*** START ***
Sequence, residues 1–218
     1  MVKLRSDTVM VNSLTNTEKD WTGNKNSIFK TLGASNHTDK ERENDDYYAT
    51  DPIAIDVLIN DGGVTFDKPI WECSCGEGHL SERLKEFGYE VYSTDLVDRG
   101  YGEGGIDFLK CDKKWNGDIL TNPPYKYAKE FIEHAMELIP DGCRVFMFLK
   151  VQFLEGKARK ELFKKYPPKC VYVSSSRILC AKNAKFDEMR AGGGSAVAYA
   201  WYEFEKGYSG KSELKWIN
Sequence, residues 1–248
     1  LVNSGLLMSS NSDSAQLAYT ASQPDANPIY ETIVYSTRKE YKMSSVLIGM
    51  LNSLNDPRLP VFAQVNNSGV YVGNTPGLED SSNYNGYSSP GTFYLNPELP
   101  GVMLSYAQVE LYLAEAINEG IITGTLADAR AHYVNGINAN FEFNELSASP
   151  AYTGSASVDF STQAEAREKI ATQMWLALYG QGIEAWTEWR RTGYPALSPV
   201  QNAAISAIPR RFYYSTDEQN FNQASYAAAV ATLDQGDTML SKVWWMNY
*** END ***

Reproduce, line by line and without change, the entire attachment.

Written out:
Sequence, residues 1–218
     1  MVKLRSDTVM VNSLTNTEKD WTGNKNSIFK TLGASNHTDK ERENDDYYAT
    51  DPIAIDVLIN DGGVTFDKPI WECSCGEGHL SERLKEFGYE VYSTDLVDRG
   101  YGEGGIDFLK CDKKWNGDIL TNPPYKYAKE FIEHAMELIP DGCRVFMFLK
   151  VQFLEGKARK ELFKKYPPKC VYVSSSRILC AKNAKFDEMR AGGGSAVAYA
   201  WYEFEKGYSG KSELKWIN
Sequence, residues 1–248
     1  LVNSGLLMSS NSDSAQLAYT ASQPDANPIY ETIVYSTRKE YKMSSVLIGM
    51  LNSLNDPRLP VFAQVNNSGV YVGNTPGLED SSNYNGYSSP GTFYLNPELP
   101  GVMLSYAQVE LYLAEAINEG IITGTLADAR AHYVNGINAN FEFNELSASP
   151  AYTGSASVDF STQAEAREKI ATQMWLALYG QGIEAWTEWR RTGYPALSPV
   201  QNAAISAIPR RFYYSTDEQN FNQASYAAAV ATLDQGDTML SKVWWMNY